The Borgata Hotel Casino & Spa in Atlantic City received the first NJ interactive gambling license, and not far behind them were the Golden Nugget Atlantic City, Trump Plaza Hotel and Casino and the Trump Taj Mahal Casino Resort. Just last week the Tropicana Casino and Resort became the fifth license holder of an online gambling permit issued by the Garden State. That gives the Tropicana roughly 3 weeks to deliver an online casino website before New Jersey kicks off its five day invitation-only soft launch test period for Atlantic City web casino gambling. That begins on November 21, with all eligible AC and NJ residents and visitors 21 years of age and older able to join in the fun on November 26.
The soft launch is of course intended to test the websites to make sure that everything is operating and functioning correctly, and it should not be a problem for Tropicana Atlantic City to get up and running over the next three weeks. Casino properties are thoroughly vetted before they receive a Atlantic City interactive gambling license, and generally already have a partner lined up to handle the Internet and software side of this new web gambling enterprise. After receiving a license, a casino sponsored website then goes through thorough testing by independent gaming labs hired by state gambling regulators.
Tropicana Casino and Resort’s Internet gambling partner is Gamesys Limited, and they currently operate the jackpotjoy.com website in Europe. While New Jersey is the third state to pass legislation allowing online gambling, it stands poised as the state with the largest population which has done so. There are approximately 9 million residents in New Jersey, roughly 3 million in Nevada and less than 1 million in Delaware. New Jersey has routed the new Internet casino gambling experience through the state’s 12 physical casinos, hoping to bolster lagging brick-and-mortar gambling revenue which has drifted over to nearby states like Pennsylvania, bringing it back to the once popular Atlantic City casino hotels.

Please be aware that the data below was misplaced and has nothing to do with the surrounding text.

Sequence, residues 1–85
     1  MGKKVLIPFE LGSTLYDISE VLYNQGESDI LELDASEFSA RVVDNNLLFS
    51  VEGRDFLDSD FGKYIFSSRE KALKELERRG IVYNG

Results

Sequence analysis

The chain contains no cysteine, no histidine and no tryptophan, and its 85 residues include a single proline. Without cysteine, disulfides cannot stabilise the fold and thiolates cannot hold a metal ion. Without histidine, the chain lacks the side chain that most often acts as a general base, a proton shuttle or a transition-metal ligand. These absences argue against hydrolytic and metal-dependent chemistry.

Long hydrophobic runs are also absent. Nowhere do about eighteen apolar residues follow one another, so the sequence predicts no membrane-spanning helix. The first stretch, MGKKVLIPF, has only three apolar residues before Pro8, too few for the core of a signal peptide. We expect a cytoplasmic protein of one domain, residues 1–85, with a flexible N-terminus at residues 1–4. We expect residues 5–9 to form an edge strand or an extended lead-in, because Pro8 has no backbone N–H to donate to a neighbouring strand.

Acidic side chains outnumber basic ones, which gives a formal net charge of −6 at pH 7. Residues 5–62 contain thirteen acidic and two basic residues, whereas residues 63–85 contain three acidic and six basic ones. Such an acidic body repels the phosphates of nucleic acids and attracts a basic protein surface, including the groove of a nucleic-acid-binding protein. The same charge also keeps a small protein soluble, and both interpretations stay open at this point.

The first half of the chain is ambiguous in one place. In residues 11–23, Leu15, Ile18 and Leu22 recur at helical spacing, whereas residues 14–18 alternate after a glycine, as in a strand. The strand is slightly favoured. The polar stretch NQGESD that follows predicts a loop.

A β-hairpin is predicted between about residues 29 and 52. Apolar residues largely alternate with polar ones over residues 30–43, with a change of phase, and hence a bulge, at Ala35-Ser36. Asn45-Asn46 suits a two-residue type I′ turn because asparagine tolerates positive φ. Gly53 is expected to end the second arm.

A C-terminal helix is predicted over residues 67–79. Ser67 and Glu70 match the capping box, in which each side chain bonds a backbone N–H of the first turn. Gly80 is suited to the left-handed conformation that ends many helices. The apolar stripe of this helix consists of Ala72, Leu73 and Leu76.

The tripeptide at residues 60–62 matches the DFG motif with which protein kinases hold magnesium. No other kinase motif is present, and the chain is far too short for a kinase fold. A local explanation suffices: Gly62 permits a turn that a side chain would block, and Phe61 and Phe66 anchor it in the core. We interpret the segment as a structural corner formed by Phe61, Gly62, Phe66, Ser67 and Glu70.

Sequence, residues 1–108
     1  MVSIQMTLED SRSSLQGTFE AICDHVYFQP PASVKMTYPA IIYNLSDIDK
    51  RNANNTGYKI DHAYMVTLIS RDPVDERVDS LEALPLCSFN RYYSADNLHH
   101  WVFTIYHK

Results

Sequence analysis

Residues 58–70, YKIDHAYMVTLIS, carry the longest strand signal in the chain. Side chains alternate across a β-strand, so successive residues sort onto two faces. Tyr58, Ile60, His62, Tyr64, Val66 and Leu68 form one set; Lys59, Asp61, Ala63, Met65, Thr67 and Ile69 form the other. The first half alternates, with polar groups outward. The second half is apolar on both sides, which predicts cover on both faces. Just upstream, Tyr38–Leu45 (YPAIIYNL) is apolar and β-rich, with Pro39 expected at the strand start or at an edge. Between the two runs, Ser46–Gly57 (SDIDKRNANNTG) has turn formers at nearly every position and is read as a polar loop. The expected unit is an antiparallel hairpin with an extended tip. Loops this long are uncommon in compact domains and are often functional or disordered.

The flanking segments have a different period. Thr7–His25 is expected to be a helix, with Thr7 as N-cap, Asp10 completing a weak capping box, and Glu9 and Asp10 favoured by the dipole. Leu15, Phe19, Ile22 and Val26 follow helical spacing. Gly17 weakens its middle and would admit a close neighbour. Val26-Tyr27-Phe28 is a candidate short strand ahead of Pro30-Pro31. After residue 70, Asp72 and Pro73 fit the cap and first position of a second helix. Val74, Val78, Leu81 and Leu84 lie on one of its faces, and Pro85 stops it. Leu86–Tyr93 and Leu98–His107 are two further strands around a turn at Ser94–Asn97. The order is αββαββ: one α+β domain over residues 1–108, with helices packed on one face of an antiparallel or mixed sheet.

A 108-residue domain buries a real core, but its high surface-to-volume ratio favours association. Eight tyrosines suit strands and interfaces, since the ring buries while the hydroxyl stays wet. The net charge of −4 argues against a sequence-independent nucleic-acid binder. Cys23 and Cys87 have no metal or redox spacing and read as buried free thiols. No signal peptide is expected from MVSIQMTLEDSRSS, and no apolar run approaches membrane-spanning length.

Pennsylvania is pushing hard for online legislation which would legalize Internet gambling in some form, and recently began to steal market share and valuable capital from New Jersey after it okayed physical brick and mortar gambling in a limited number of locations. After making as much as $5.2 billion in 2006, the brick-and-mortar casino business in NJ pulled down just a little over $3 billion last year. Aside from revenue, literally thousands of casino jobs have already been lost as Pennsylvania, Maryland and New York have reclaimed their resident gamblers, who no longer have to head to Atlantic City to enjoy some physical casino gambling.
New Jersey recently announced that the soft launch would probably not involve all New Jersey online casino websites which have received licensing. By offering a complete slate of casino style Internet gambling games, which are vastly less expensive to deliver than the traditional brick and mortar experience, NJ hopes to become the leading player in the United States online gambling industry which is still in its infancy. This new Internet version of casino gambling is the largest expansion of legalized wagering in Atlantic City since the current casino era began way back in 1978.